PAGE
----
Rationales for why each method was chosen and how each responds to the needs that are articulated: check for feasibility and age appropriateness, and make sure they are based on current scientific knowledge
Resources that are needed (human and otherwise) and how they will meet the needs
Responsible parties for implementing each activity: make sure they have enough time and the appropriate training to be effective
Major deadlines: think about contingencies if deadlines are not met.
Try drafting a logic model to visually show how program resources and activities are linked to program products and outcomes.
Step 6. Develop a timeline chart or table by month (or by week, depending on your overall timelines) to show how the activities and evaluation strategies will flow.
Step 7. Develop an itemized budget table with columns for potential sources of funding, including in-kind contributions from community organizations, and a column for justification for why each item is needed.
Now you should have a package of materials that can form the basis of a plan to use to 1) submit grants, 2) communicate with partners, 3) leverage in-kind resources, 4) market ideas, and 5) think about how to assure a steady flow of resources to maintain and enhance programs.
Many California communities have assembled oral health coalitions and initiated oral health projects with the assistance of First 5 funding and other resources. The Rural Smiles online Resource Guide is the result of just such a partnership. To learn what oral health projects for young children have been funded and implemented in California communities, view the project descriptions categorized by county by clicking on the Resource tab on the homepage. The final report of a unique rural program that received outside funding is also featured here.
Because of the First 5 focus on children ages 0-5 and their families, a number of communities have initiated infant oral care programs that emphasize early preventive efforts and establishment of a medical and dental home. These programs have been successful in involving partners such as private practices of health professionals and dental professionals, federally funded or nonprofit community clinics, WIC programs, CHDP programs, Early Head Start/Head Start programs, hospitals, public supported and other preschools, childcare/day care programs, and others. These efforts reinforce the relation between oral health and general health as well as the importance of health for school readiness. Review the Resources section for articles and online education programs related to oral health programs for infants and young children.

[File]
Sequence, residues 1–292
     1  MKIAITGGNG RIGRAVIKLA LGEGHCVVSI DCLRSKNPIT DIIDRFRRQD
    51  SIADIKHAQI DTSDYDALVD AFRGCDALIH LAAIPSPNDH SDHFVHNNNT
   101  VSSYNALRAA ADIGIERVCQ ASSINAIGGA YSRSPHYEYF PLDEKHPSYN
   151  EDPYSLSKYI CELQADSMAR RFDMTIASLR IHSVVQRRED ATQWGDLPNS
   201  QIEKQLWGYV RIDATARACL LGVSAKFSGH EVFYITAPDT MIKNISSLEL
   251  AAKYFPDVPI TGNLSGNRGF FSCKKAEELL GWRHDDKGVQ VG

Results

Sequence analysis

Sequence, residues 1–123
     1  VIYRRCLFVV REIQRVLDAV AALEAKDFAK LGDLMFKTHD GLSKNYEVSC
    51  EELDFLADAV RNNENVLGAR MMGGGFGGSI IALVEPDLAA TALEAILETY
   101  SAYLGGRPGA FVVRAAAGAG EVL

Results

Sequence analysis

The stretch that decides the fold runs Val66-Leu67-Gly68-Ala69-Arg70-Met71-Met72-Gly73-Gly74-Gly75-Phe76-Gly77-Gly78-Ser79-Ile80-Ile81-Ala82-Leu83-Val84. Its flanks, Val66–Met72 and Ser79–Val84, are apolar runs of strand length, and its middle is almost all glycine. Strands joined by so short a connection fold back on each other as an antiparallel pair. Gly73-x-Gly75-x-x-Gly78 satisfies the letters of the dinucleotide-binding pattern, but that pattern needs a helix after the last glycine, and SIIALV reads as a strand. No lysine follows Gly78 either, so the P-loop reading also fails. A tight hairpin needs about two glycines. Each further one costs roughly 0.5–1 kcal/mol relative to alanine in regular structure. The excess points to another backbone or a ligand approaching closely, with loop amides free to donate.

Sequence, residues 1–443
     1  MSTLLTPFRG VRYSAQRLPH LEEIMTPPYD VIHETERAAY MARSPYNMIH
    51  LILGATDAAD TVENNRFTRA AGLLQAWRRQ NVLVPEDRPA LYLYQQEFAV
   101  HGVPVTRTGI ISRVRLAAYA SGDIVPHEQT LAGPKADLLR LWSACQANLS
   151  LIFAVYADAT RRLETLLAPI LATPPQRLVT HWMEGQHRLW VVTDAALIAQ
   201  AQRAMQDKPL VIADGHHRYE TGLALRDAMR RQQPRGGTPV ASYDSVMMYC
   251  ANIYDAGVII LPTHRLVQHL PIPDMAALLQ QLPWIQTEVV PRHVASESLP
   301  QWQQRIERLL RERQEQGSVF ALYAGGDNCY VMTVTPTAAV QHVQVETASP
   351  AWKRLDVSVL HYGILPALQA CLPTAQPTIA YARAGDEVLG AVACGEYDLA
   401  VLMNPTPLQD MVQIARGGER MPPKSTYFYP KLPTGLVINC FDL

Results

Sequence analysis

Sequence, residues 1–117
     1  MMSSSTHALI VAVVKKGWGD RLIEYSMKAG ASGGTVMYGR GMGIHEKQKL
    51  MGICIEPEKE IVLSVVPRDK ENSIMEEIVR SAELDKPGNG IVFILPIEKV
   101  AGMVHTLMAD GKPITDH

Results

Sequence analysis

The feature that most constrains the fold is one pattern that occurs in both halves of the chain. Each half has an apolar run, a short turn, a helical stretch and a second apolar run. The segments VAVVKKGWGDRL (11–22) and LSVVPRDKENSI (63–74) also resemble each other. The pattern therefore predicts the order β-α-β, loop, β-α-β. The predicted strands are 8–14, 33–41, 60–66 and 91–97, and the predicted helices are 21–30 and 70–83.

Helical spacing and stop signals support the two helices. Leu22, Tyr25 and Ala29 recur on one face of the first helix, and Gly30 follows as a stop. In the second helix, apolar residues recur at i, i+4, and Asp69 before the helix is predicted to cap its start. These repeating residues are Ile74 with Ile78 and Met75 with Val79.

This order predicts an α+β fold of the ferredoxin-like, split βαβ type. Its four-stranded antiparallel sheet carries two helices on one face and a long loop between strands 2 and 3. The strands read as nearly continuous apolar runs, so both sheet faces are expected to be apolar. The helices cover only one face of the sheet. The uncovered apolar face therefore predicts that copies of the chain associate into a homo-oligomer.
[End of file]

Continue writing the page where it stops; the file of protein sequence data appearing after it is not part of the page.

Planning for Sustainability
Developing a sustainability plan will help community members and others visualize the entire project and what is needed. Review and approval of such a plan will increase community buy-in and support. It also helps to attract new volunteers and supporters. It serves as a road map, with associated stop signs and intersections to reassess your progress and direction.
Once you have secured resources and implemented projects, plan to look at sustainability issues as least once a year . Analyze what your mix of funding is and what the potential is for maintaining or increasing resources in each category. A Framework for a Funding Sustainability Plan is provided. Make sure you consider what you need for short-term support (in the next year), intermediate support (1-3 years) and long-term support (more than 3 years). Building productive relationships with funders takes continued effort over time. This function should not be delegated to one person, but be a responsibility of all the partners of the coalition or project advisory committee. Share decisions and workloads.